A 1 percent raise amounts to very little money for most: a starting deputy still makes just $33,000. Many deputies who’ve been at the agency for years don’t make much more than that, so 1 percent works out to less than $400 before taxes.
With the 1 percent issue settled, attention for both the sheriff and the union now turns to the next contract negotiations, as the current contract is up in September. The new three-year contract will be negotiated in spring. A salary study both sides paid for found that Flagler deputies’ wages are substantially below those of their colleagues in neighboring agencies, and that a 6 percent raise, on average, would even the disparity. Dopp said that between the 1 percent received this year and 5 percent next year, the two raises would combine to bring wages up “where we need to be.”
Deputies last got serious raises in the three years ending in 2009, when wages negotiated under then-Sheriff Flaming, at a time when the county was riding an extraordinary wave of revenue from the housing boom, netted employees a combined 33.8 percent increase over three years.
Manfre wants to combine the raises with a “step” similar to the one in he had in place during his first term (before Fleming’s two terms) and similar to the one in place for school district employees. Typically, an employee every year would see an increase in pay based on experience. Manfre would add a step for merit, which would be dispensed more subjectively, and a step for education, which would add dollars for employees who complete an associate’s, bachelor’s or master’s degree. Without that step system, a deputy who’s been at the agency seven years isn’t making much more than a deputy who just started.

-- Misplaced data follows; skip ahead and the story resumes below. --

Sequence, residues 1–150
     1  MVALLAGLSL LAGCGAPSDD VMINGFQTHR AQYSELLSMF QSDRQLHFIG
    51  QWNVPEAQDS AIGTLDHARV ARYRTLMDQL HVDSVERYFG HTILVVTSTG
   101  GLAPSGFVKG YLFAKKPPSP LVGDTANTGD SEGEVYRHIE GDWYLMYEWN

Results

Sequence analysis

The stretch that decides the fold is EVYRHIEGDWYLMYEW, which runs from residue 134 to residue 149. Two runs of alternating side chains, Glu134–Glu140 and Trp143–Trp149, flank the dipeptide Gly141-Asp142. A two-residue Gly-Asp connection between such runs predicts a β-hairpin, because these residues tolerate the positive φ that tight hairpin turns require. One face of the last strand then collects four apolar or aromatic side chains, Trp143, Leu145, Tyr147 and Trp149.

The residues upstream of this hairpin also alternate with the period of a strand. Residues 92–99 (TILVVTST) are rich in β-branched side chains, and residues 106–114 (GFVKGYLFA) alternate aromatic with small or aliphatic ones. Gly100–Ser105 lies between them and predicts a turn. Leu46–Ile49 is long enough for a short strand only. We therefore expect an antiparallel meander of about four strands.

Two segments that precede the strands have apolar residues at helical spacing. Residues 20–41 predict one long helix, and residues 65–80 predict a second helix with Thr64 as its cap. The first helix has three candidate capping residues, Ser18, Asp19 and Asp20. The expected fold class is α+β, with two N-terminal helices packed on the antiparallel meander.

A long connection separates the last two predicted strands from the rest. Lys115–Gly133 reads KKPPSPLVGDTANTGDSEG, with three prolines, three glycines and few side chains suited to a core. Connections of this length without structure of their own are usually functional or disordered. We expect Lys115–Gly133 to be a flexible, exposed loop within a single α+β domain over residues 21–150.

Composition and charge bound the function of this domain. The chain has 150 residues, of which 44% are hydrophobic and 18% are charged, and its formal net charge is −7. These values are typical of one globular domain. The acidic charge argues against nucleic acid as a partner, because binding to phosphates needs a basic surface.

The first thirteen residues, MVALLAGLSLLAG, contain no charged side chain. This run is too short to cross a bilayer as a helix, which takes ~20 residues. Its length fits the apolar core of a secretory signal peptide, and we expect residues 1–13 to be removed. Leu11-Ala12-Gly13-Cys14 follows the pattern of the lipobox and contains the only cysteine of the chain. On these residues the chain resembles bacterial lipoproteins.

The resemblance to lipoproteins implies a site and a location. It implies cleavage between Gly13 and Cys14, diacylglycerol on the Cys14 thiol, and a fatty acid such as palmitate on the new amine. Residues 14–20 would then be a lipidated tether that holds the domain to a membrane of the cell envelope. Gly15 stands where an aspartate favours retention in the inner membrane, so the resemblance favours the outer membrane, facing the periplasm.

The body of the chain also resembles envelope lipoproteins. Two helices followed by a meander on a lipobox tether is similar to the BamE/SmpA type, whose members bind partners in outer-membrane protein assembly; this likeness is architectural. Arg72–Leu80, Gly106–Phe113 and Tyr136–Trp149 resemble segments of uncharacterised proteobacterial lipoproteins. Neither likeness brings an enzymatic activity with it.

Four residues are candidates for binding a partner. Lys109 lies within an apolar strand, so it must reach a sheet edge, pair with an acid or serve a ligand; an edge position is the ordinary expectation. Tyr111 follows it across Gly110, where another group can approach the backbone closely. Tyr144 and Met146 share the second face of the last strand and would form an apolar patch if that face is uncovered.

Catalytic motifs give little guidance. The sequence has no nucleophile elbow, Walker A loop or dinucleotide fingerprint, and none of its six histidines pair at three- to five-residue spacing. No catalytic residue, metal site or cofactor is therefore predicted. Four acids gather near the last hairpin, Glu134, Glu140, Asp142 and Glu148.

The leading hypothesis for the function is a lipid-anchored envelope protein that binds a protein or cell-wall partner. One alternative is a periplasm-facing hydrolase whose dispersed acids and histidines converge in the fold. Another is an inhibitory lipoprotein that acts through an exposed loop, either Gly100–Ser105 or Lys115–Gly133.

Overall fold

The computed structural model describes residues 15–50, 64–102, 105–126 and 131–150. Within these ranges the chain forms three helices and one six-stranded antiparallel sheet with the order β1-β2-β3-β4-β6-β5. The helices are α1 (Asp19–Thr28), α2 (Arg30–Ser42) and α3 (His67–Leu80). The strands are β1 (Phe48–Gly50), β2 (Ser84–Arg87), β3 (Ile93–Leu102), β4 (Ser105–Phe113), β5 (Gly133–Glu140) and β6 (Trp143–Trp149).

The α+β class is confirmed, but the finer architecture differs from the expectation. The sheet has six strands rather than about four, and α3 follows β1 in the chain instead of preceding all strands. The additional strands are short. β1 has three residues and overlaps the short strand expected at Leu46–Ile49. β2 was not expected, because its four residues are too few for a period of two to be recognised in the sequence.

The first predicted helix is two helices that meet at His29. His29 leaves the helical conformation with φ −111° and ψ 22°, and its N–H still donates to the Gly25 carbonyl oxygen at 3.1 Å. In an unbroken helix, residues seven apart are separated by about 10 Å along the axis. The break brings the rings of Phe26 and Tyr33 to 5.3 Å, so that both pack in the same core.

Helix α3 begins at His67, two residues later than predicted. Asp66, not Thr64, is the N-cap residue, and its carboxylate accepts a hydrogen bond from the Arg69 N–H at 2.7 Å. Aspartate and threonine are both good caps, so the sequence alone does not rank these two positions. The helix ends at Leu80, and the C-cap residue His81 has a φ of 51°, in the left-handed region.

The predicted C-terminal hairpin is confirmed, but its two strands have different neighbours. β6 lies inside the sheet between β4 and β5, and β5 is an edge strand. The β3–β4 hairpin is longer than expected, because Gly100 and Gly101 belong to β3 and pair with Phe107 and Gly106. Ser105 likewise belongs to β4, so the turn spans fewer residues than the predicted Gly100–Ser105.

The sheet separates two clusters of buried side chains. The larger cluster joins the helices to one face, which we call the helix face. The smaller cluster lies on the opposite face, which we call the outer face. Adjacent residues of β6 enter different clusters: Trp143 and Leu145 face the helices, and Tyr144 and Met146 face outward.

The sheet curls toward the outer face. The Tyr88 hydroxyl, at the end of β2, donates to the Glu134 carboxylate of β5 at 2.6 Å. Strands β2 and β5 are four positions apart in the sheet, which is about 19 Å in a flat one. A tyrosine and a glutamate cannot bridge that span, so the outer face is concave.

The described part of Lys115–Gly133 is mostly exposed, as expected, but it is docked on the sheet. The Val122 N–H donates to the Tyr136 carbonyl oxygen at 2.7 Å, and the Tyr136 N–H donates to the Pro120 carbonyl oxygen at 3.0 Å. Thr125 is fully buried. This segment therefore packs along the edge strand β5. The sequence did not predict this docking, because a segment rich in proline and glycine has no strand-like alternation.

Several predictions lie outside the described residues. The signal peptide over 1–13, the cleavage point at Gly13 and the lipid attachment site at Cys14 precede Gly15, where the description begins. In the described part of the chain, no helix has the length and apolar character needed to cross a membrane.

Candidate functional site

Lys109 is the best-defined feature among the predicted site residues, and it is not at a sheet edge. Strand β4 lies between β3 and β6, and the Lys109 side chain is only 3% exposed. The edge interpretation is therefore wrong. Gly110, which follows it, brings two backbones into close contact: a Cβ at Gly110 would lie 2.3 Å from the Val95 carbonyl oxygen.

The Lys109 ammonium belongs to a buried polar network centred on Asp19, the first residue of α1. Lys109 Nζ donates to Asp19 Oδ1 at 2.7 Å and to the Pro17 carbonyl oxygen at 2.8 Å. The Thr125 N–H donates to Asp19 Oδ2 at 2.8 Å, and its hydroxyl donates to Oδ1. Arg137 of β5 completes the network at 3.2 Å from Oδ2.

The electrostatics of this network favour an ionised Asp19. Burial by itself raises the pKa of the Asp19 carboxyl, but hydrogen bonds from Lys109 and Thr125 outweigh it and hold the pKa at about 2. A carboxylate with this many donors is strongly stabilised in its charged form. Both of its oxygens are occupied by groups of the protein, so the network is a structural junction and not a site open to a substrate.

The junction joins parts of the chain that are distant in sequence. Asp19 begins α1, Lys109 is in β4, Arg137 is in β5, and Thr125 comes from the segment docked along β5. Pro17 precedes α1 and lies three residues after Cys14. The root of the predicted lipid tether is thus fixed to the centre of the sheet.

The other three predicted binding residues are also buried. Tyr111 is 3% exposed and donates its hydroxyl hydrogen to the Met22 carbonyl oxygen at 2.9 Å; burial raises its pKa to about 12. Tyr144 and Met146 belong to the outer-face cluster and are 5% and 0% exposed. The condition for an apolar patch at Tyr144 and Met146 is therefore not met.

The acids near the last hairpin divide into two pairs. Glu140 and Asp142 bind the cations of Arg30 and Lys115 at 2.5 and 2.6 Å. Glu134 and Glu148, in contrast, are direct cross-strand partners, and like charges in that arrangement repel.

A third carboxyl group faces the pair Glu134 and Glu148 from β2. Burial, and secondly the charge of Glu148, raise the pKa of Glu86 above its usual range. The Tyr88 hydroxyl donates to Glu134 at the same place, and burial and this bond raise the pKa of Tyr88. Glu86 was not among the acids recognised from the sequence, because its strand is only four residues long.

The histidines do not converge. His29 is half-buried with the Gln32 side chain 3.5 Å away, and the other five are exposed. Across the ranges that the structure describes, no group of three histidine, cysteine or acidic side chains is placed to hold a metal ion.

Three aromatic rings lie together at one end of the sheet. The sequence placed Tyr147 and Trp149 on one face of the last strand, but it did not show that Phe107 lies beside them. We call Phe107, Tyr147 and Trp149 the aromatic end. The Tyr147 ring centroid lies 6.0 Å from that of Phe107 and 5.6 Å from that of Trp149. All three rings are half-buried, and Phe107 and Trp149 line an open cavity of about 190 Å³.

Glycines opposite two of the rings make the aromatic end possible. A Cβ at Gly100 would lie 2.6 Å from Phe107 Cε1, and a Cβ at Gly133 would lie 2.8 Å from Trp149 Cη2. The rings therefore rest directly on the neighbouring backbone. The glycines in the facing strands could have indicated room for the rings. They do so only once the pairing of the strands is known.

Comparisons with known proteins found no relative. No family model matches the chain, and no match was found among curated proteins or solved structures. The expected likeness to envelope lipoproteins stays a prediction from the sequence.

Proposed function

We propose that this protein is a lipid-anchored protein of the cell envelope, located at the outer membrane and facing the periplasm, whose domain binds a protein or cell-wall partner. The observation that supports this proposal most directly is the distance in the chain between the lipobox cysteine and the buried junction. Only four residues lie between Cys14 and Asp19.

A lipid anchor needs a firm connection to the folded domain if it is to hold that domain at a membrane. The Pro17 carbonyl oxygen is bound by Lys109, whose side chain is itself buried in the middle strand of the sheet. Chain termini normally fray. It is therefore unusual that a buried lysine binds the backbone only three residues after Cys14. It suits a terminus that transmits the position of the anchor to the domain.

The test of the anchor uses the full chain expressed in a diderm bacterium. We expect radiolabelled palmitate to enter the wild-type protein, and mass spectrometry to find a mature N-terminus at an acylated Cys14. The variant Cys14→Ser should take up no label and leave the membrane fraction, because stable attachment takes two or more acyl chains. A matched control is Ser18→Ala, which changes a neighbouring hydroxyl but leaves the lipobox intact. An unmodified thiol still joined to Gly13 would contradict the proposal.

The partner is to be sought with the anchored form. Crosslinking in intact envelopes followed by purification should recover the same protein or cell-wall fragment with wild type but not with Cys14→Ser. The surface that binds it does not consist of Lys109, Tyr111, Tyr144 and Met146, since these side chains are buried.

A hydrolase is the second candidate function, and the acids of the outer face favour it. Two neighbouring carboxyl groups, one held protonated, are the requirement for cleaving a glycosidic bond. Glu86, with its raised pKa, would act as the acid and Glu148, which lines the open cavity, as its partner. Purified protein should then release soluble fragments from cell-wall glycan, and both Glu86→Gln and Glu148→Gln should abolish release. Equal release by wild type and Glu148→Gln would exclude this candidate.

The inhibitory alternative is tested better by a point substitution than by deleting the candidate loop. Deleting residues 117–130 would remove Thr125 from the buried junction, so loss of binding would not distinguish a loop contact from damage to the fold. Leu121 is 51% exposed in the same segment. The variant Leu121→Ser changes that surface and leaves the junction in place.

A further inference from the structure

Scudiero sees the trends in other counties: deputies at the St. Johns Sheriff’s Office just got a 4 percent raise, Volusia deputies got a 3.5 percent raise. The hard times are slowly tapering off, though he recognizes that Flagler had it harder than most, and is just emerging from its slumber. (The unemployment rate in the county fell to its lowest level in six years in December.)
But now is the time for the salary study to translate into reality in Flagler, Scudiero said. “We would like to see that implemented,” he said. “Whether that’s in year one or year two or a combination of, we think it’s time that these employees are paid what they should be paid compared to surrounding agencies and people in similar positions and similar years of service.”
That appears to be the sheriff’s and the union’s intention, even if they have not yet verbalized officially that to each other.